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June 6 — The Supreme Court June 6 vacated and remanded a case to the U.S. Court of Appeals for the Fourth Circuit, expressing concern that the state of Maryland does not effectively provide an administrative remedy for prisoners seeking relief under the Prison Litigation Reform Act ( Ross v. Blake, 2016 BL 179235, U.S., No. 15-339, 6/6/16 ).
The court originally granted certiorari to determine whether a circuit court could create a “special circumstances” exception under the PLRA for an inmate who thought he had exhausted his administrative remedies before filing a civil claim, but did not actually comply.
On that question, the court held that the “special circumstances” exception was inconsistent with the PLRA.
New documents that were lodged with the court the day before the March 29 oral argument raised a question as to whether the state of Maryland's guidance to inmates was so confusing that the state effectively failed to provide any remedy at all (98 CrL 616, 3/30/16).
Justices Clarence Thomas and Stephen G. Breyer both filed separate concurring opinions.
One constitutional law professor told Bloomberg BNA that the decision wasn't exactly surprising, but the unanimity of the ruling and significant reasoning dedicated to unavailability suggest that the court is urging the Fourth Circuit to find Maryland did not provide an adequate remedy to prisoners.
Writing for the majority, Justice Elena Kagan first addressed the Fourth Circuit's failure to “ground its analysis in the PLRA’s language,” calling the special circumstances exemption “judge-made.” The language of the PLRA does not allow for that kind of judicial interpretation, she said.
“[A] statutory exhaustion provision stands on a different footing,” Kagan wrote. “There, Congress sets the rules—and courts have a role in creating exceptions only if Congress wants them to. For that reason, mandatory exhaustion statutes like the PLRA establish mandatory exhaustion regimes, foreclosing judicial discretion.”
The purpose of the PLRA was to increase the standards for exhausting remedies, thus inherently undermining the Fourth Circuit's exemption, according to the opinion.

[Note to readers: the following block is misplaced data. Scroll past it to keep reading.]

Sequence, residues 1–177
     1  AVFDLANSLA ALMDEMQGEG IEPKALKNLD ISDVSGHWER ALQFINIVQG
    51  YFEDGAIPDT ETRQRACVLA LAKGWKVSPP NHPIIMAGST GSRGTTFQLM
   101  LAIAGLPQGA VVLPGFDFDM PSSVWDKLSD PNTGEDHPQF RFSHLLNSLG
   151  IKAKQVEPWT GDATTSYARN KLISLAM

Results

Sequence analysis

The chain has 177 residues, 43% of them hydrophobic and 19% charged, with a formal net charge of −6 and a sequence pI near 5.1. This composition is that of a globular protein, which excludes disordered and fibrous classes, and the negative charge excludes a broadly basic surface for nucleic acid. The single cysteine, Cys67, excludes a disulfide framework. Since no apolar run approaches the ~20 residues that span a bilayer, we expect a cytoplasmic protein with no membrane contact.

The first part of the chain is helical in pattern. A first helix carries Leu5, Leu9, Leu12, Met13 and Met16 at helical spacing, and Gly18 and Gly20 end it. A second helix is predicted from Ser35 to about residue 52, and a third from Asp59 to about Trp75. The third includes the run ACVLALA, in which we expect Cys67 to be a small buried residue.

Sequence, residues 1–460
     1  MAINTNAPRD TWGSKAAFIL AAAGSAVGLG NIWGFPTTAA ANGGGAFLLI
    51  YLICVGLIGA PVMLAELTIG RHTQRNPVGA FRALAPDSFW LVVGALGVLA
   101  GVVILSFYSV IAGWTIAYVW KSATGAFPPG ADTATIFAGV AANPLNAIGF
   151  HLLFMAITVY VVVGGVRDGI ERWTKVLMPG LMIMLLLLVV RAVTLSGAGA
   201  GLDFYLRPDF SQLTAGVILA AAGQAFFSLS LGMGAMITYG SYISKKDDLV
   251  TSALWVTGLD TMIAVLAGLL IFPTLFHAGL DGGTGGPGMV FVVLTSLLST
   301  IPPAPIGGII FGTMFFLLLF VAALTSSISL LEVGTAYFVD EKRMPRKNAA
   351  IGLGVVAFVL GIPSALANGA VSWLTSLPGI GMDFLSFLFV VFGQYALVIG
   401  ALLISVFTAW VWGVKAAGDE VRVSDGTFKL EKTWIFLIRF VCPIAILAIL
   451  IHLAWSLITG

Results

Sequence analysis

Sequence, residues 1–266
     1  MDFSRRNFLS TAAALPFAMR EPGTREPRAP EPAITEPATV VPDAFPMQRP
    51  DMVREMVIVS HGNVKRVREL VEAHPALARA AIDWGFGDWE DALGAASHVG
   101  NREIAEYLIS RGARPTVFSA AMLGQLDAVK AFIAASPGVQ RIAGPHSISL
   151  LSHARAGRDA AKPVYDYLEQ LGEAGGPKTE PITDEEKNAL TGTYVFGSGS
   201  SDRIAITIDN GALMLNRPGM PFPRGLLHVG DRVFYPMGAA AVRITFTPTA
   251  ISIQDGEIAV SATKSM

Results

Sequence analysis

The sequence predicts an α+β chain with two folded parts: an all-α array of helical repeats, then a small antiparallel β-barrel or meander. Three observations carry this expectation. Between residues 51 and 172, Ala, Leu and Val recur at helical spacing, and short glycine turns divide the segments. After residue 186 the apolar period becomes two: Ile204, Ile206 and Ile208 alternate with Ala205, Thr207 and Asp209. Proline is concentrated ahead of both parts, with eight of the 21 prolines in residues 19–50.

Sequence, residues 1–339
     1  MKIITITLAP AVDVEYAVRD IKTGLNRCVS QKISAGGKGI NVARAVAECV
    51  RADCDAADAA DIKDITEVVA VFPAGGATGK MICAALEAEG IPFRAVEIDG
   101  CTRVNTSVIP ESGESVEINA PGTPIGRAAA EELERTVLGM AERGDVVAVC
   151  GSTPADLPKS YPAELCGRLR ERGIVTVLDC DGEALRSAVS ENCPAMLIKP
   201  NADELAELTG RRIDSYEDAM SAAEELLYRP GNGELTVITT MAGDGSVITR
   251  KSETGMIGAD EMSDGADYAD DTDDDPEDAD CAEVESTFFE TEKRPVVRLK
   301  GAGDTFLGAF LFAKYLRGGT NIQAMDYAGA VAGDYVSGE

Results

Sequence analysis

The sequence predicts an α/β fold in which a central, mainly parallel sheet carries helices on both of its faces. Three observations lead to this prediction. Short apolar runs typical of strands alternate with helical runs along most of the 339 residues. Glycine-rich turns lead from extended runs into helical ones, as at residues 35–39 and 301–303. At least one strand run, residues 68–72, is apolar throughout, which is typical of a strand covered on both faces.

In Maryland, the Internal Investigative Unit, or IIU, investigates serious misconduct by correctional officers for the state. The administrative remedy process, or ARP, describes the state process to address inmate grievances and award compensation, if necessary.
The Inmate Grievance Office, or IGO, is an entity independent from the prison with the authority to act as the ARP when the ARP is not available. When the ARP is available, the IGO hears appeals from the ARP.
Defendant Shaidon Blake filed a grievance with the IIU against correctional officers who assaulted him in prison. When the IIU denied the claim, Blake filed a lawsuit in federal court. The officer countered that Blake had failed to exhaust his remedies because he did not file a separate grievance through the ARP or IGO.
However, the materials lodged with the court one day before oral arguments showed that Maryland used a rubber stamp, almost always automatically denying ARP claims that were under IIU investigation.
In analyzing whether Maryland made its administrative remedy sufficiently available to prisoners, Kagan wrote that both the government and defendant's documents seemed to support the suspicion that Maryland's administrative relief scheme is so confusing that it is unavailable.
However, the new documents submitted to the court could not be enough for the justices to answer that question, the opinion states.
“The materials we have seen are not conclusive; they may not represent the complete universe of relevant documents, and few have been analyzed in the courts below,” Kagan wrote. “On remand, in addition to considering any other arguments still alive in this case, the court must perform a thorough review of such materials, and then address the legal issues we have highlighted concerning the availability of administrative remedies.”
In addition to determining availability of remedy, she asked the court to determine whether “Maryland officials thwarted the effective invocation of the administrative process through threats, game-playing, or misrepresentations, either on a system-wide basis or in the individual case[.]”
Steven D. Schwinn, an associate professor at John Marshall Law School in Chicago, previously guessed that the court would remand to avoid an even split of the justices (99 CrL 13, 4/6/16). While he said he wasn't hugely surprised at the ruling, he found it interesting that the ruling was effectively unanimous.
With nearly half the opinion stressing legal reasoning behind unavailability, Schwinn said the court seems to “strongly suggest” how the justices think the Fourth Circuit should rule.
“That's a pretty strong statement when you have that many members criticizing the administrative process,” he said.
Even though the case was one of two effectively unanimous decisions that seemed to support prisoners' civil rights, Schwinn said he would hesitate to call it a trend.
“These are pretty narrow statutory decisions that don't answer important questions,” he said. “I'm not sure they break any new ground. The court is just doing its statutory construction business.”
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